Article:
Housing prices soar in the short term; new housing starts signal future relief

More housing starts have been promoted by the government this year, which could lead to better prices in two to three years.

 Israelis protest against the soaring housing prices in Tel Aviv and cost of living, on July 2, 2022.  (photo credit: TOMER NEUBERG/FLASH90)
Israelis protest against the soaring housing prices in Tel Aviv and cost of living, on July 2, 2022.
(photo credit: TOMER NEUBERG/FLASH90)

As the cost of living in Israel continues to rise steadily, the increasing price of housing represents one of the most impactful trends on the country’s residents as it influences the cost of both rent and mortgage.

According to a new report from the Central Bureau of Statistics, housing costs rose by 1.1% from August to September, marking a 19.8% year-on-year rise. This increase is the latest in a series of gradual hikes in the real estate market.

This increase took place in the prior two-month period recorded by the CBS; with this in mind, a few factors have come to light since September that may reflect well in the October-November report, including news from the Finance Ministry that the number of mortgages has recently decreased, signaling lower demand that could lead to lower prices down the road, as well as an increase in the amount of housing construction starts that were set underway this year.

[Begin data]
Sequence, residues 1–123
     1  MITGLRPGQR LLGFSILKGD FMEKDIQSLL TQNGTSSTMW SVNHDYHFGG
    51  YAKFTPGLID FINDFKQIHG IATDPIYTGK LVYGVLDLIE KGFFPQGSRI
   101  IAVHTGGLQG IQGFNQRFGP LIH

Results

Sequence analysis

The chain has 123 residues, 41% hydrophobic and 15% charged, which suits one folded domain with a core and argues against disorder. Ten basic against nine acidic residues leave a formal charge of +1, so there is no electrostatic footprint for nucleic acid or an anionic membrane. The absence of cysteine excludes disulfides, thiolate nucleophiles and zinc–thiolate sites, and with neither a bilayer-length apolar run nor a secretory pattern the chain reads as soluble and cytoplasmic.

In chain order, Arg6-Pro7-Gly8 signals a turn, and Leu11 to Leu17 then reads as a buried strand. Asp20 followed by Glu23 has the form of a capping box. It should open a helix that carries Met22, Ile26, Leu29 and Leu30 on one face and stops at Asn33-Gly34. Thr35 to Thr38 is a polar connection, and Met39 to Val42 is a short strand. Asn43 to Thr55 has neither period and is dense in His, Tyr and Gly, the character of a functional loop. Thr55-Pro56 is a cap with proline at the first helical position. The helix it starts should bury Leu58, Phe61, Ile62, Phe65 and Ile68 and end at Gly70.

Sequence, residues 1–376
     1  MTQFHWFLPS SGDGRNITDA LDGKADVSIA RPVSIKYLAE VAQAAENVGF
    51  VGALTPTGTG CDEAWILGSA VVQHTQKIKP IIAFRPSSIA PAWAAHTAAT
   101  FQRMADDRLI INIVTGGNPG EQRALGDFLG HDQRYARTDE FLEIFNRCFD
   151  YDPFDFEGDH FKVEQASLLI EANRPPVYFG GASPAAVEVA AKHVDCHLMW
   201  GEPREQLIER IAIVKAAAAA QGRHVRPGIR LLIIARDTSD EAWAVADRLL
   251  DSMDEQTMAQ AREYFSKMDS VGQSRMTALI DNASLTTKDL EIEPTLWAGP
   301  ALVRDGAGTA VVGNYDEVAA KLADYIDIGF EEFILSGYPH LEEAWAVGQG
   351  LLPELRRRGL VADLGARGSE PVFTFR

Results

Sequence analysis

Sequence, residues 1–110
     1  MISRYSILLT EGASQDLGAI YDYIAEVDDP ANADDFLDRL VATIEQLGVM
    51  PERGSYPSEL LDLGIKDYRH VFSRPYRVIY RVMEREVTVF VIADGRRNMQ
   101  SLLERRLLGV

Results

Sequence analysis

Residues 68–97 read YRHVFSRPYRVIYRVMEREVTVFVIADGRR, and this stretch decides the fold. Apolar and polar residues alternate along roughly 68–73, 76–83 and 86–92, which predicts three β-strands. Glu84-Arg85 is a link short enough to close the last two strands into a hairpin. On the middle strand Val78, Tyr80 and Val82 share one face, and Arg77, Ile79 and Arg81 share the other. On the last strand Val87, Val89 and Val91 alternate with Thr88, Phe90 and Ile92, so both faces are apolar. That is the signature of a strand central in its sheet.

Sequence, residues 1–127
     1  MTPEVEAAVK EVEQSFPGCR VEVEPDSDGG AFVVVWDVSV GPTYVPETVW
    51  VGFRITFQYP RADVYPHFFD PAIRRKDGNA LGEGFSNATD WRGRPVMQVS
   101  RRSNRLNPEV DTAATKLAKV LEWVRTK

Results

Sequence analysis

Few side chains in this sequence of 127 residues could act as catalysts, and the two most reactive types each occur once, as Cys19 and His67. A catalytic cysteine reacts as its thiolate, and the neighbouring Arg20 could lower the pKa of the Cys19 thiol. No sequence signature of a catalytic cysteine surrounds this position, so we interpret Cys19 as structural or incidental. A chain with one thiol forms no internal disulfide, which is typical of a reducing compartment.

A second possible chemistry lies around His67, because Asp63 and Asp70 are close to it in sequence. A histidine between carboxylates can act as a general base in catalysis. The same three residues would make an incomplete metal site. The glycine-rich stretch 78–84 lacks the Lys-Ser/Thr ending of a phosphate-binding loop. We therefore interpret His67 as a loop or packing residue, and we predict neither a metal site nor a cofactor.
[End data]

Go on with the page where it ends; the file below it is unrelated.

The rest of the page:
One of the causes for the current rise in housing costs is a lack of housing starts initiated during the early stages of COVID, which led to a lack of supply to meet the demand dictated by Israel’s first-in-class birth rate.

However, more housing starts have been promoted by the government this year, which could lead to better prices in two to three years — and potentially even sooner, noted Professor Danny Ben-Shahar, faculty member and director of the Alrov Institute for Real Estate Research at the Coller School of Management, Tel Aviv University.

 Construction of thousands of new apartments in the Or Yam neighborhood of Or Akiva, on August 16, 2022. (credit: MICHAEL GILADI/FLASH90) Construction of thousands of new apartments in the Or Yam neighborhood of Or Akiva, on August 16, 2022. (credit: MICHAEL GILADI/FLASH90)

“While that does not affect the market immediately, it does affect the market in terms of expectations. So there's a lot of voices talking about these large numbers of housing starts that will come into the market in the future,” he explained. That narrative could decrease demand, as potential buyers decide to wait it out until the promised decrease comes (or so they would hope).

“People do expect to see pricing somewhat standardized due to the housing start completion that will come into the market in the future,” Ben-Shahar said.

According to Ben-Shahar, the incoming government needs to address the present issue of housing costs by taking immediate action. “The government should make sure that there's a constant and large supply of land for new constructions. And when I say large supply, I'm talking about the construction of no less than 60,000 new housing units, and this number will increase as the population increases,” he said.

As well, Ben-Shahar emphasized that in order to ensure the stabilization of the housing market, the government needs to make the housing construction process much easier to deal with.

“The government needs to make supply more flexible and to make the processes [involved] less bureaucratic so that the market can act in a healthier way,” he said.